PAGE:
One of the hardest lessons to learn about investing is to be still. Learning how not to get caught up in news and most importantly the noise of the moment. Learning how to wait for the shot. Learning how to control your breathing. Learning how to slow things down. Remembering that it is the long game you are playing.
I have several friends who at the present time who have “Buck Fever” they have seen the stock market on a tear for the last year, and they want to jump in with both feet. I can tell this from the nature of our conversations and e-mails.
They want to know how much I have added to my various investment positions. They are surprised when I state that I have not added significantly to any position, but instead I have readjusted some of my position (Take Profits), and given the current conditions I plan to readjust some more in the very near future, after 1 Jan 2014. Additionally I will not be in too much of hurry.
Their response to this is “Are you crazy?” My reply is hardly! They want to know what I am seeing that they are not. I tell them that we are all seeing the same thing, but that it how we processes it, especially in terms of the various lessons that we have learned to date in our lives and the particulars of our portfolio.
My decisions are based on the particulars of my portfolio, the condition in the market, and my age, and finally my sense of intuition, and when do I want to pay the tax due on any gains. After 1 January the taxes are due on 15 April 2015, rather then 15 April 2014.
The first two (Market and Age) are easy to explain, the third (intuition) shapes my appetite for risk, and is an enigma, the fourth well it the Wimpy rule (I will gladly pay you next Tuesday).
I tell them that what may be good for me may be bad for them. To a person they all want a list of reasons why at this time I am doing what I am doing with my portfolio. So in an attempt to comply with their request here goes.
First reason is that the object of the exercise as always is the buy low and sell high. At the present time the market is high (especially when compared to my basis), will it go higher (I hope so, that is why I have money in the market)? Yes. When? (I do not know.) The flip side is can the market go lower? Yes. When? (I do not know.)
Second the amount of the unrealized gain in my portfolio is quite high, which is good, but one does needs to capture your long-term gains when and if you can and if it makes sense, in context of carried capital losses. At the present time it for many of my taxable investments it does not make sense for me, although for some of my tax deferred investments this is not the case since in the end they some will be taxed as ordinary income when the funds are withdrawn, some will not be taxed at all (You have to love the Roth).
Third is that everyone seems to be buying stocks, so maybe it be time to be selling stocks. On the other hand everyone seems to be selling bonds, and so maybe it might be time to start looking at increasing my position in bonds, again if and when the conditions are favorable to me. (Yes I know that QE is coming to an end and Bond prices should drop as interest rates rise, but sometime a good deal is a good deal).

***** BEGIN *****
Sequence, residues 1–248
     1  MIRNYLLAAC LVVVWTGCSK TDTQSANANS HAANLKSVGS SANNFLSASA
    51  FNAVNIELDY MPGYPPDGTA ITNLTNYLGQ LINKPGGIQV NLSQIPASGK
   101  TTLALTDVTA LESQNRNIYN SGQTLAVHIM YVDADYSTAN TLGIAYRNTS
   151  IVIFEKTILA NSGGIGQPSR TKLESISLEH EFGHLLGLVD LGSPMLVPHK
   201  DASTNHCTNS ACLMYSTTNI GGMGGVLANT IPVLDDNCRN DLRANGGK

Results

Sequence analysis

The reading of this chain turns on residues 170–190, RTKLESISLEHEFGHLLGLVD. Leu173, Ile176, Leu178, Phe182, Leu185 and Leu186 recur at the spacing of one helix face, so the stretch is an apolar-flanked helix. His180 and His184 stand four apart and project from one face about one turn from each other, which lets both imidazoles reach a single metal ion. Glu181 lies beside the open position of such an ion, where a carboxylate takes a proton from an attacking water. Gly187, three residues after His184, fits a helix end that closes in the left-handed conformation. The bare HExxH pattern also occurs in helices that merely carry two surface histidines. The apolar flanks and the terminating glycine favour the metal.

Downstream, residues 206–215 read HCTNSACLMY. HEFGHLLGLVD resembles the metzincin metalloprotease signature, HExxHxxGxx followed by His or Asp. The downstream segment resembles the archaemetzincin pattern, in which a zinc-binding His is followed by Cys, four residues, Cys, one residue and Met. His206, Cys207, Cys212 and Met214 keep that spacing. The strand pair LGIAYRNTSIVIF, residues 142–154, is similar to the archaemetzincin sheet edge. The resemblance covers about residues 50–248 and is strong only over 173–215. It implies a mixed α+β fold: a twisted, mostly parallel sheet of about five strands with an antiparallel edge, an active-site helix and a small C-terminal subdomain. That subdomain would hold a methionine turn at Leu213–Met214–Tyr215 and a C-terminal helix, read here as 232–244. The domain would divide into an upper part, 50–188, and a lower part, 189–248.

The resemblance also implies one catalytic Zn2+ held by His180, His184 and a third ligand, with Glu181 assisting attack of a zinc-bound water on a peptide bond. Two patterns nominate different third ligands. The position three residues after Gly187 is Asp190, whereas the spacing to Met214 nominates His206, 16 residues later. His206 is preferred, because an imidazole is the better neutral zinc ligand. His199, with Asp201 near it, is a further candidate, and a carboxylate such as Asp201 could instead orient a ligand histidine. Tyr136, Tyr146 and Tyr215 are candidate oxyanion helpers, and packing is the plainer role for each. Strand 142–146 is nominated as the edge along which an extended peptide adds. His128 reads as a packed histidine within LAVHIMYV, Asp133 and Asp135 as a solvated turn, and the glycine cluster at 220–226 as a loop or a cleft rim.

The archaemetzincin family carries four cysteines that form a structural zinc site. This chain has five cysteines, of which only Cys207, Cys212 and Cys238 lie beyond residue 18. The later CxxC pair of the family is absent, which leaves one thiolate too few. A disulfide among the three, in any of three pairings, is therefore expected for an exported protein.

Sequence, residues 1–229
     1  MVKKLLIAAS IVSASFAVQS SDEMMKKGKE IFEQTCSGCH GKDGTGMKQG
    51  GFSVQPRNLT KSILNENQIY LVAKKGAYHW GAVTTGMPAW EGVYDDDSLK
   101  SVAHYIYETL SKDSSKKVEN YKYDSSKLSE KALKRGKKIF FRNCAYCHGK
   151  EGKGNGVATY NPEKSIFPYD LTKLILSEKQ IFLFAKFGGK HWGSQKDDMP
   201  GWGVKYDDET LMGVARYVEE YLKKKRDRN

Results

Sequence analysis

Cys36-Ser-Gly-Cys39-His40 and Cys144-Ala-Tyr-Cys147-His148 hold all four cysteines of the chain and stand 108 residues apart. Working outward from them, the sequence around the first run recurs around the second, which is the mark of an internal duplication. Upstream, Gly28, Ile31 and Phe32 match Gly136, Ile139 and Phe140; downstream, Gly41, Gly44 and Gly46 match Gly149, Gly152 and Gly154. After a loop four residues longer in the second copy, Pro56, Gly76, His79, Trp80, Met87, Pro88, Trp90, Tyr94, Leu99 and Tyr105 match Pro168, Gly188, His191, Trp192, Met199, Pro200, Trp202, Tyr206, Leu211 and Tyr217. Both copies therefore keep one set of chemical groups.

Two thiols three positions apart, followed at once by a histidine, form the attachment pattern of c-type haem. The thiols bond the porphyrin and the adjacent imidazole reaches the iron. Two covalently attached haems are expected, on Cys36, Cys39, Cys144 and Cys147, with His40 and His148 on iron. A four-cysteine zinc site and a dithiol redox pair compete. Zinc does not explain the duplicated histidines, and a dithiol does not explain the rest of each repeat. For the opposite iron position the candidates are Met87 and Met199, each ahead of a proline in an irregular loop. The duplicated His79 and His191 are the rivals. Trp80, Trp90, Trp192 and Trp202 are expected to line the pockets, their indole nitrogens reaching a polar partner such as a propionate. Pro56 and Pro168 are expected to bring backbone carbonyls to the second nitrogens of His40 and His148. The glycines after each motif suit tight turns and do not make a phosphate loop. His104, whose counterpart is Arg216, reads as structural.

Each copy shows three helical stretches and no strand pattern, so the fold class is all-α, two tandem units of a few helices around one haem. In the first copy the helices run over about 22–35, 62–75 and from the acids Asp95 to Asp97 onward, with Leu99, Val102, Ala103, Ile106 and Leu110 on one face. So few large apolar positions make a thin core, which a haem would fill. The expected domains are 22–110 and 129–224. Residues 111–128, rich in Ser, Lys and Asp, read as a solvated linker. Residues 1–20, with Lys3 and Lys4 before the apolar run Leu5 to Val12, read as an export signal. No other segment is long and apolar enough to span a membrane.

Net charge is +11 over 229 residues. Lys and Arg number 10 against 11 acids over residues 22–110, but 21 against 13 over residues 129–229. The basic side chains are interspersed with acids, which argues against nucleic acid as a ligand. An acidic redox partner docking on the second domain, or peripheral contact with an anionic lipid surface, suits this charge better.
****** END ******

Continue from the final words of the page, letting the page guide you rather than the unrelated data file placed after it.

The fourth reason is “Reversion to the mean”. This 2013 is a gross outlier, it is not normal, and it is at least a 2 Sigma event. Will next year be the same? Highly unlikely, the law of large numbers is not in my favor.
All systems are self-correcting; you may not want to be around for the correction, especially if you just dumped a large amount of your net worth into the market just before it tanked. So a slow and steady approach is required (Aim Small Miss Small).
Fifth reason is that I am starting to see articles in the press that “This time is different”. Unless there was some fundamental shift in the fundamental laws of the universe during one of the nights while I was sleeping, it is not going to be different this time, in the end the results are going to be the same, it is that the timing of the events that will be different.
Sixth, the rate of contact by various brokers has been increasing, either by phone or e-mail. Most just want to help me in this time of uncertainty. How thoughtful, caring, and nice on their part (Their mother would be proud of the concern for the plight of others). The calls go unanswered and the e-mail are deleted, and in some cases the filters for my e-mail are adjusted. My though on brokers has been discussed in other post.
Seventh reason is more technical in nature and it has to do with CAPE for the market as of 1 November 2013 stands at 25.16, 6 January 2014 it was reported to be 26.07, and quite frankly this is getting in the nosebleed range, and if it gets much higher (27-30) it will be a rectal bleed.
One would need to hold one share of the SP-500 for 25 years for the current earnings to equal a price of that one share. I know how old I am and 25 years is very close to end of my estimated actuarial lifetime. This is one of the particulars of my situation alluded to earlier in the article.
At the end of the day I will still have money on the table and in the game for in realty that is the only way to make money. I will have a little of my unrealized gain and put it in my pocket waiting for the next opportunity to buy.
I tell them that I continue to reinvest dividends, I have minimal amount of programed purchases, and that I continue to watch for other purchase opportunities, and if and when they present themselves, I will act. But at the present time they are not forth coming, so I have consigned my self to be still and will wait to take my shot, since the basic rule for this endeavor as stated earlier is to buy low and sell high.